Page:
Black Neon Dottyback



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Captive-Bred Black Neon Dottyback appears to have a nearly perfect mix of phenotypical traits from its predecessors, sporting the distinctive face bands of the Springeri Dottyback and the horizontal blue stripes that are affixed to the dorsal length as well as the fins of Neon Dottyback. At first look, it appears that the Captive-Bred Black Neon Dottyback appears to have that body color of Springeri Dottyback but demonstrates a distinctive ability to change color on its flanks. It can change its body color from jet black to a rust hue depending on the mood and the environment. The ideal setting that will work best for your Captive-Bred Black Neon Dottyback will be an existing saltwater aquarium that is minimum 30 gallons dimension, with a wide aquascape and ample quantities of rock. There should be plenty of caves and crevices for the Captive-Bred Neon Dottyback to explore, claim or find refuge. Like other Dottyback species, It is advised to keep this Captive-Bred Neon Dottyback singly unless the aquarium is large. It is recommended that the Captive-Bred Black Neon Dottyback should be fed a varied diet comprised of specially designed foods for carnivores. If you keep it in a reef aquarium this Captive-Bred Neon Dottyback should be fed at least once a day. Approximate purchase size 1-1/2" up 2"  
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General information on Black Neon Dottyback The Black Neon Dottyback inherited traits from both species' parents. It can change color depending on mood and environment. Its flanks, turn from almost Jet Black to a dark rust shade. Small fish with slim bodies that allow them to move into and out of the rockwork in a rapid manner. In the wild, they wait in their hole for passing food. They need plenty of rocks. They are ideal for reef tanks and can take the majority of fish food, however, they must be among the fish that is introduced last in the tank. One fish should be kept in each tank. Dottybacks are small, colorful basslet-like fish that live in the caves and crevices of coral reefs. Dottybacks are able to be kept in smaller aquariums, but larger tanks that contain lots of live rock are ideal. They are territorial, and defend the territory they've claimed as their home with a lot of force. Dottybacks can be housed in a variety of locations based on the capacity of the tank as well as the number of hiding spaces available. There has been some success adding several dottybacks to the tank simultaneously, which gives each an area to defend without giving advantages to anyone. Once a dottyback is familiar with a tank, it can be difficult to introduce another without fear of being threatened. Dottybacks are diverse species with regards to aggression. caution should be taken when deciding on which species to introduce to the reef aquarium community. They tend to remain in their cave or crevice until the time comes to feed. Their colors are usually striking and they are in a position to change their sexuality. After eggs are laid, males are known to grab eggs using their mouths to ensure they are alive.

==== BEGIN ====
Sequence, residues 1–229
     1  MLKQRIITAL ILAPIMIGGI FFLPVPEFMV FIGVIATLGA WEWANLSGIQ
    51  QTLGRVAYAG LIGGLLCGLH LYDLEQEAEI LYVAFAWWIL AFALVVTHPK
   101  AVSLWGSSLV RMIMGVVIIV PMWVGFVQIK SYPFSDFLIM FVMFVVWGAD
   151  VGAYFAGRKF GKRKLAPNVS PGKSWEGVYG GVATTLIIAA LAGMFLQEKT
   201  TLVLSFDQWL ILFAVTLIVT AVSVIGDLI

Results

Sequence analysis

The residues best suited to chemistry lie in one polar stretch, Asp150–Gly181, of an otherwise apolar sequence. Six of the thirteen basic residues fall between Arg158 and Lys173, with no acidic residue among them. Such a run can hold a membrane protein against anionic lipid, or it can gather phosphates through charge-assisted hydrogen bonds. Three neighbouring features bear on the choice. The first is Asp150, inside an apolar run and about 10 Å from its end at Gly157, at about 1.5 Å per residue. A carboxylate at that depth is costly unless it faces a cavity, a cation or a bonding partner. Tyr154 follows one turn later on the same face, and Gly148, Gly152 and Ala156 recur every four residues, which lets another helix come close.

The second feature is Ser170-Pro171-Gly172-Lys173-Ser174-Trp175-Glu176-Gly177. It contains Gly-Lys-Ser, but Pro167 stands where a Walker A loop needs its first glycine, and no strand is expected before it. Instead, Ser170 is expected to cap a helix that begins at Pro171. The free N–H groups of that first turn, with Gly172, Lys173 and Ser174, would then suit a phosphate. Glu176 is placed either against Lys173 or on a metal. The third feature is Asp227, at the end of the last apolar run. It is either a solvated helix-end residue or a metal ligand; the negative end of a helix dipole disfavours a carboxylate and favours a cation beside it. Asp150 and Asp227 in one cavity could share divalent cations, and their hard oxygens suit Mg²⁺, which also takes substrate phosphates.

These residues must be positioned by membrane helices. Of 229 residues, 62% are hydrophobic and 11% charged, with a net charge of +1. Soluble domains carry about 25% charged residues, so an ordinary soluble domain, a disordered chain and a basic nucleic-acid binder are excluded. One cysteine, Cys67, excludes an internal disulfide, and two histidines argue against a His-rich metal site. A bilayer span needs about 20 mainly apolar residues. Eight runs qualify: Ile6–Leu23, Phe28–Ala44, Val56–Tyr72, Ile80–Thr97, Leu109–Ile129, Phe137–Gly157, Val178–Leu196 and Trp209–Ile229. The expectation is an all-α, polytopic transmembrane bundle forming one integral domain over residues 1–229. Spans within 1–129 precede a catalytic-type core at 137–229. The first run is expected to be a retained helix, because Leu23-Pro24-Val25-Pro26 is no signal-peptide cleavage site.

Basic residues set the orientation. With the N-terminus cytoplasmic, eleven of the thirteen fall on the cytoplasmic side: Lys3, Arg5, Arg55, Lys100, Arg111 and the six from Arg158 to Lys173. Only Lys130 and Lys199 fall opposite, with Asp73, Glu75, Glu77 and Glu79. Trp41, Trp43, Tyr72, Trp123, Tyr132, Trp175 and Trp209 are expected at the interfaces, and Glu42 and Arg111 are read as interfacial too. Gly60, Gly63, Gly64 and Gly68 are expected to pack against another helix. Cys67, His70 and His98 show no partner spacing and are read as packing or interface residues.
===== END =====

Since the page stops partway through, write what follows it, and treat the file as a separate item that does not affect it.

Large, Medium, Small
6 lbs


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Frequently Asked Questions
Is hiring a professional necessary to set up a saltwater aquarium?

As a general rule, a larger custom aquarium might require installation by a professional. However, a kit from our online fish store is relatively affordable and beginner friendly. That means you should have no problem setting it up yourself.

Which saltwater aquarium fish should you choose when starting out?

Consider a yellow tang fish. This popular saltwater aquarium fish does a great job of coexisting with other types of fish you’ll find in our online fish store.

How does a saltwater aquarium differ from a freshwater one?

Saltwater aquariums require a bit more maintenance and monitoring than freshwater tanks. Different fish require different levels of salinity, pH tolerances, and temperature requirements. They also require specialized pumps, filters, and other equipment that can handle salt. We can guide you through everything you need to know to set up a healthy, thriving reef tank.

Do fish in a saltwater aquarium swim in a school?

That depends on the species. However, if it’s a fish that swims in a school in the wild, they’ll do the same in an aquarium. Some fish that swim in schools include the green and blue chromis, cardinalfish, and dartfish, for example. When ordering from an online fish store, make sure you do your research on how specific fish species behave to ensure they’ll school (or at least coexist) with your current fish.

Is the effort required to maintain a saltwater aquarium worth it?

Yes! Many aquarists dream of owning thriving saltwater aquariums. You have a tiny piece of the ocean in your home, featuring magical and exotic fish that can only survive in saltwater.